BUFFALO, N.Y. — Jim Kelly, loser of four Super Bowls, one son and an upper jaw, stands in the pool in his backyard, water up to his midsection.
About 25 family members and friends from his fellowship group circle the pool. Next to him is Matt Gold, the pastor of Alden Community Church.
“To see today happen is such a sweet, sweet day, brother,” Gold tells him. “I love you and I think we can all say we’re proud of you and how far you’ve come. And where you’re going is even better.”
As Gold alludes, Kelly is not who he was.
The charisma and presence that once made him a leader of leaders is still there. His left fibula is not.
It was removed in 2018, broken into four pieces, and used to reconstruct his upper jaw which had been infested by squamous cell carcinoma. In a 12-hour surgery, arteries and blood vessels also were taken from his arm and moved to his jaw. A prosthesis with false teeth was implanted.
When the cancer was diagnosed, it was Stage 4. A doctor gave Kelly less than a 10 percent chance to beat it because it was so close to his brain.
“I know you’re a Christian and you believe in miracles,” the doctor told him. “That’s a good thing because you’re going to need one.”
Kelly has heard about miracles since he crashed through a glass door when he was 6 years old. A shard slashed his neck, requiring 40 stitches.
On the last play of his college career, his throwing shoulder was torn apart on a violent hit, jeopardizing his ability to ever complete another pass. Nearly 4,000 completions and four decades later, the shoulder remains held together with three metal rods.
The jaw surgery was one of four cancer surgeries and 20 surgeries overall, give or take. Kelly has two plates and 10 screws in his back as well as one plate and six screws in his neck. There’s a screw in his left knee and mesh in his abdomen where he had double hernia surgery twice.
Two years ago, Kelly had ankle replacement surgery, but the joint became badly infected. Last year doctors opened him again. He says it looked like lasagna and can provide graphic photographic proof. A second ankle replacement was necessary.
Between the first and second ankle replacements, there were pimples on his nose and chin that wouldn’t go away. Basal cell carcinoma. One surgery removed half his left nostril, and the other took a significant chunk of his chin.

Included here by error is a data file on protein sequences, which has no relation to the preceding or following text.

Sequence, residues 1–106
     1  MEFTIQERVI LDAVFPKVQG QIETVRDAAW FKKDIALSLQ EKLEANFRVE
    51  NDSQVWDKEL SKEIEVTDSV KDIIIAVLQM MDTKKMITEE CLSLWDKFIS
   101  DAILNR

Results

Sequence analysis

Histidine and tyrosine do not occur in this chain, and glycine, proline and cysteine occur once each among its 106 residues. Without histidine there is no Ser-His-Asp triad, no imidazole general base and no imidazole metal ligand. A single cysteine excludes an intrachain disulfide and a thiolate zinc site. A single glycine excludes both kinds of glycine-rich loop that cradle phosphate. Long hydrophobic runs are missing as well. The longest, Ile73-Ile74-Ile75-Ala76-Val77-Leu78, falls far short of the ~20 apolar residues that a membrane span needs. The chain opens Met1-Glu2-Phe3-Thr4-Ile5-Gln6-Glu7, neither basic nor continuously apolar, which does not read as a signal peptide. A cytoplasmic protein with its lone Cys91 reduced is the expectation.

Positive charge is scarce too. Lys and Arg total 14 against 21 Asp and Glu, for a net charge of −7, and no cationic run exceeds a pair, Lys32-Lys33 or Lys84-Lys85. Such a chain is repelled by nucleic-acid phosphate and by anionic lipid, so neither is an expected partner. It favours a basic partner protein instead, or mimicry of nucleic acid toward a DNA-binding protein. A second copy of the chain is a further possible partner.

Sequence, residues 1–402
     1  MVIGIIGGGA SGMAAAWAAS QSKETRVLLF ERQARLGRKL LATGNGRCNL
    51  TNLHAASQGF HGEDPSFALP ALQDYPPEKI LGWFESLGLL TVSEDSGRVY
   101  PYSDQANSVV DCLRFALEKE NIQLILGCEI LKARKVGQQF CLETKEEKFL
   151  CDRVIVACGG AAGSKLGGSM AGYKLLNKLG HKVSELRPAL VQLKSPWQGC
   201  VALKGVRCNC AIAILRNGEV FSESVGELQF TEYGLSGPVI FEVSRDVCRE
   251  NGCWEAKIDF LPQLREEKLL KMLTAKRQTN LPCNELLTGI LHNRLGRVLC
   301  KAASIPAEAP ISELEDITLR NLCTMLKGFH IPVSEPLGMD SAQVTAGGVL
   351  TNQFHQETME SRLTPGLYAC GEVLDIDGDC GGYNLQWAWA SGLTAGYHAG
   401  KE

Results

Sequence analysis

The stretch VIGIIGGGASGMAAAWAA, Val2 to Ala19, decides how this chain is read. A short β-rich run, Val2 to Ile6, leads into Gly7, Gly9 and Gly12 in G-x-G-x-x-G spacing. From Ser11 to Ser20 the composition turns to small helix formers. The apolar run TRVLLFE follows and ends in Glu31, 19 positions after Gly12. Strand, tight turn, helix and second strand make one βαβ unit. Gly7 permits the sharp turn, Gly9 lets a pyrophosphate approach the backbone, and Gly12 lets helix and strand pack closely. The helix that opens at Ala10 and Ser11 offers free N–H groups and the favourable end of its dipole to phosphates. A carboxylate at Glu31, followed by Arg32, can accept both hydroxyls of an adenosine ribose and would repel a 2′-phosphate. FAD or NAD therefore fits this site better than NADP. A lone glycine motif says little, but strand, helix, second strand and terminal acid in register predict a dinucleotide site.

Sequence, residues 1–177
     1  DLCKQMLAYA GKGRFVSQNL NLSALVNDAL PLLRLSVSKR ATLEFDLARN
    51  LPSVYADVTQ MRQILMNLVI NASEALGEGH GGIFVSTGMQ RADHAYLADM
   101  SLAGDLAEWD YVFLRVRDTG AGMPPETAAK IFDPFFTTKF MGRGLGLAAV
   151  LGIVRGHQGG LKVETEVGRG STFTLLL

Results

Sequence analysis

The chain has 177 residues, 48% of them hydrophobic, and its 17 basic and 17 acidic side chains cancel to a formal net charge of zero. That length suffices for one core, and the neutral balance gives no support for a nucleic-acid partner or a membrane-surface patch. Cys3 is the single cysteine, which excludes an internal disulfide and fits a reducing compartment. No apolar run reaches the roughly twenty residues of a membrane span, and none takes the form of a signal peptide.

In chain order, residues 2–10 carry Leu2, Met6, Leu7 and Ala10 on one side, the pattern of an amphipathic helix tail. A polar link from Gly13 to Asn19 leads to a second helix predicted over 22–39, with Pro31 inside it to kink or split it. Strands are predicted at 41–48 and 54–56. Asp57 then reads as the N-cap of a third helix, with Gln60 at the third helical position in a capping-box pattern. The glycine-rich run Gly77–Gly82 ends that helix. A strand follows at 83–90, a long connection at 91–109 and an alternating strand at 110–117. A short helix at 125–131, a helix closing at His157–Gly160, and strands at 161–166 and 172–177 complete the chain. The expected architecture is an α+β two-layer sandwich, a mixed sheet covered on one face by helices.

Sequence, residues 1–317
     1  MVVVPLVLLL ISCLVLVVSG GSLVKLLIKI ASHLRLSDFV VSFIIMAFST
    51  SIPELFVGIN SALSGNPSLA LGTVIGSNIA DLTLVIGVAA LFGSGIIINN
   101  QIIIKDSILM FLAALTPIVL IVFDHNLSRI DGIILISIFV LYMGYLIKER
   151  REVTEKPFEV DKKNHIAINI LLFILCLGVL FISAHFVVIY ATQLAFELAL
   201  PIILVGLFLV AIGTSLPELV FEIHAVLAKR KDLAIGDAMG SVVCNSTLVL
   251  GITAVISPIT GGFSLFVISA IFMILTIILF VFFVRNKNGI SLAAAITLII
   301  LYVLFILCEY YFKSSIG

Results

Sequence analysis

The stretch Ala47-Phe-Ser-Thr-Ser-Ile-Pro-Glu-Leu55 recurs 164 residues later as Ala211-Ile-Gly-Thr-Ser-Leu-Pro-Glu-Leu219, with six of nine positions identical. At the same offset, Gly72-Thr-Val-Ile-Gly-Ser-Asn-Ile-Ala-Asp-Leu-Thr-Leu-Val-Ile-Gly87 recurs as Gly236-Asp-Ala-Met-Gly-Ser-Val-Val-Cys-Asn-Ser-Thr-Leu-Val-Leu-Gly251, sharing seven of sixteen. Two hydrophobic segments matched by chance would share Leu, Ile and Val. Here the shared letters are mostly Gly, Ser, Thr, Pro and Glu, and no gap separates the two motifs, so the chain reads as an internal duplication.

In May, he had a stroke in his left retina. Then his blood pressure was taken — 210 over 120. He had to return from a trip to Ireland eight days early. Then came a hospitalization, a heart monitor, a sleep study, meds — doctors are still trying to figure it out.
In the meantime, he needed an esophageal dilation to expand his esophagus because food often got stuck in his throat.
He enjoys conversation, but it isn’t always easy. Kelly adjusts his hearing aids frequently. His jaw and mouth hurt if he talks too much.
Almost everything hurts. At one point doctors had him taking 16 Advil a day. “Drink lots of water,” they told him.
Now he’s on more potent pain pills and they take the edge off.
Somehow, with or without his meds, Kelly smiles easily and broadly. The smile looks a little different than it used to, but it’s never conveyed more joy.
He has a zeal for every opportunity, probably every breath.
Gold puts one hand on Kelly’s chest and the other on his back.
“It’s a privilege to baptize you, my brother, in Jesus,” Gold says. “In the name of the Father, and the Son and Holy Spirit.”
Kelly holds his breath. Gold guides him backward and under.
This wasn’t the first time Kelly was baptized, but it was the first time he had a say in it. He was initially christened 63 years ago at St. Eusebius Catholic Church in East Brady, Pa., a no-stoplight town on the Allegheny River that’s 57 miles from Pittsburgh and 30 miles from the closest McDonald’s.